He was immediately smitten. Her talent, determination and work ethic kept his eyes on the short-haired, blonde college girl.
Carol would umpire softball games in the summers and he’d come by after his baseball games to see if she was correctly calling the balls and strikes.
Eventually, the two struck up a friendship and would grab postgame chili hot dogs at Kings. That turned into dates, movies, fishing, hunting and basketball games. Some years down the road, after Larry became a starting wingback at Nebraska and she competed in the 1968 Olympics, he took her back to that Malcolm High dirt track and proposed to Carol on the shot put ring.
They’ve been married for 46 years.
“I was terribly impressed with her athleticism and she ate real well too,” Larry quipped.
A power couple is born
The same school that once denied her athletic dreams now employed Carol as the second track and field and cross country coach in school history at a meager $2,000 salary in 1977. She had to oversee 16 events and had just one paid assistant coach.
She needed another coach, but she didn’t have the budget to expand her staff. Larry, who was also coaching high school football at the time, joined her as an unpaid assistant.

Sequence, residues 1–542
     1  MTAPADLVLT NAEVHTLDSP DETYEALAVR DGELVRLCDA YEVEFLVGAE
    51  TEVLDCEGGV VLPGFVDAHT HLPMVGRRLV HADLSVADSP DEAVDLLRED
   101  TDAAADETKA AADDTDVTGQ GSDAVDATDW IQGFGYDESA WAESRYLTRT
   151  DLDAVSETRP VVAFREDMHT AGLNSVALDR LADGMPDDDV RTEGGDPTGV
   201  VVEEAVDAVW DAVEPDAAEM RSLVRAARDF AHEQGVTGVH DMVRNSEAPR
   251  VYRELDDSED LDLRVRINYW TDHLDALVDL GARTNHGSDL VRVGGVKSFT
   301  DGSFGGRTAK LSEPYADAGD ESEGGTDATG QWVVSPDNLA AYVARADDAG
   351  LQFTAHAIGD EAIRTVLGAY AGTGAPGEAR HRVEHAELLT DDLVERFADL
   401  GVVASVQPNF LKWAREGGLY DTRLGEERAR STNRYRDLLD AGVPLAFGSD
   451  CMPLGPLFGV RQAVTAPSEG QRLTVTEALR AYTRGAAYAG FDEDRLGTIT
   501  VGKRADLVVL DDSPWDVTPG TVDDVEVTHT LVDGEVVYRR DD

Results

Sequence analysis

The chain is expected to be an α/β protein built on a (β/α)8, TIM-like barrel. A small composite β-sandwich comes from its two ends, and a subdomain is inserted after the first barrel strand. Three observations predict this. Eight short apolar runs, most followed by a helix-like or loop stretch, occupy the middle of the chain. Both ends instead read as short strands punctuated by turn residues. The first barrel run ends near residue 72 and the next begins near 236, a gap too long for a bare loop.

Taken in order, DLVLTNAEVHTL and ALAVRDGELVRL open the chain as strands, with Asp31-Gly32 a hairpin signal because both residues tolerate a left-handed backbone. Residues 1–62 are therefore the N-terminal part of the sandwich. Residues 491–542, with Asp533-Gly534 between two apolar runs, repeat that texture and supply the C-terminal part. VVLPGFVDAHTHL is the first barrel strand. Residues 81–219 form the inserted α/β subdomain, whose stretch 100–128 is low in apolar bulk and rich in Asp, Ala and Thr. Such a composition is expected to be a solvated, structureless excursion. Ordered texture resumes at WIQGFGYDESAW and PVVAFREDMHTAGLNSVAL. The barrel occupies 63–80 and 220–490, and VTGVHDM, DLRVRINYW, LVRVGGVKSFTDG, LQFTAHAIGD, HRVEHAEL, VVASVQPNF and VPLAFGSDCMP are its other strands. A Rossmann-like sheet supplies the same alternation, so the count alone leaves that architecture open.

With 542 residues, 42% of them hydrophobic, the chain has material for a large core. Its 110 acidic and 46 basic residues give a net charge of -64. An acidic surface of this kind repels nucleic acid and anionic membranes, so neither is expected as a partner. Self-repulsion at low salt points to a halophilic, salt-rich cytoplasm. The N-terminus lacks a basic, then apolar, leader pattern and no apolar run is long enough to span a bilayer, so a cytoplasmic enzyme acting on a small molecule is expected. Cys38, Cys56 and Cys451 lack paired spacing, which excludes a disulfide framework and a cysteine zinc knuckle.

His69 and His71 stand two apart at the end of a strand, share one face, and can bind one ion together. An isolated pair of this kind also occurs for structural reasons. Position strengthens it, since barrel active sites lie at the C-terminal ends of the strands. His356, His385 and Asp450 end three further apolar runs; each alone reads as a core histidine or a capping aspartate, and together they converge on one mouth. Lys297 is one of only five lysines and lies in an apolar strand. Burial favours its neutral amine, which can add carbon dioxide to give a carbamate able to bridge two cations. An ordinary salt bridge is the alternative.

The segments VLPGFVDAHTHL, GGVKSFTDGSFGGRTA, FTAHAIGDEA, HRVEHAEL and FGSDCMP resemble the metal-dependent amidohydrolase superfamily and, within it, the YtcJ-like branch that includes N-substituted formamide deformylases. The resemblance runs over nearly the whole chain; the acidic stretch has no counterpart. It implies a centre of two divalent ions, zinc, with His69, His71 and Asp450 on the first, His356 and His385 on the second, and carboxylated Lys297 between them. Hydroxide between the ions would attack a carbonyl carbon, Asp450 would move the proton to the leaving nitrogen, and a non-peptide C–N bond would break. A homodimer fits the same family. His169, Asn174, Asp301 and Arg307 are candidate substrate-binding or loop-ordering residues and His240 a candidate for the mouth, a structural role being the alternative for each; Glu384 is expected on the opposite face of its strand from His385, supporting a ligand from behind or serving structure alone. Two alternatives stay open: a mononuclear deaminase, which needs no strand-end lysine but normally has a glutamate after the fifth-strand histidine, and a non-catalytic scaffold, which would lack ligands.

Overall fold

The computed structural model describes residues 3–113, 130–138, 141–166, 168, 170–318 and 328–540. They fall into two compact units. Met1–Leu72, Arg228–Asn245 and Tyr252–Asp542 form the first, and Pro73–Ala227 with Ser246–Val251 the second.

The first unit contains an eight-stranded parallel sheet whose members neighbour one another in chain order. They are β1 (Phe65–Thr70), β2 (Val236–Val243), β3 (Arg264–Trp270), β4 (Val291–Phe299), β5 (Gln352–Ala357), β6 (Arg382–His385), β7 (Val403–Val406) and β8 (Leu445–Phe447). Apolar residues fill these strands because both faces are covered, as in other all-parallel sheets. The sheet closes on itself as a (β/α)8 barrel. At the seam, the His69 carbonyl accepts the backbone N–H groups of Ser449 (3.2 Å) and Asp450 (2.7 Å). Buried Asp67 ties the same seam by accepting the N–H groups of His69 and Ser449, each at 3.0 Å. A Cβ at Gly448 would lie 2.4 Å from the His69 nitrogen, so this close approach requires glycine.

He coached the jumpers and sprinters, including nine-time Olympic sprinter Merlene Ottey.
As the program grew — along with recruiting demands — so did the Frost brood, which now included two young boys, Steve and Scott. The couple decided to focus on raising their family along with coaching and teaching at the high school level. They moved three and a half hours away to a small town called O’Neill.
“He needed a receivers coach,” Carol said. “And ever since college at Nebraska, I had been going to practices and throwing patterns to him. He was a fanatic workout guy and he’d go out when everybody else had gone in.”
Larry joked, “She could be a quarterback if she had any speed.”
His pass-oriented offense — which was somewhat ahead of his time considering that power-I formation dominated football — required at least three offensive coaches.
It was a no-brainer for Larry to hire Carol after witnessing his wife’s strong arm throwing a softball, a javelin, the shot put and discus.
Convincing others that a woman could coach young men in football took some time. The players usually adapted quicker than the adults.
“The people in Nebraska, when we started out doing that, were skeptical and then she’d throw about four [footballs] and then they understood,” Larry said.
The family moved again and Carol’s first paid assistant job, ironically, came in what they called the good ol’ boy network of Texas high school football. But it was anything but easy as her oldest son, Steve, recalled.
Fans from opposing teams would call her names and whistle cat-calls. In the earlier part of their coaching stint at Palestine High, Carol would sit in the stands with the other coaches’ wives.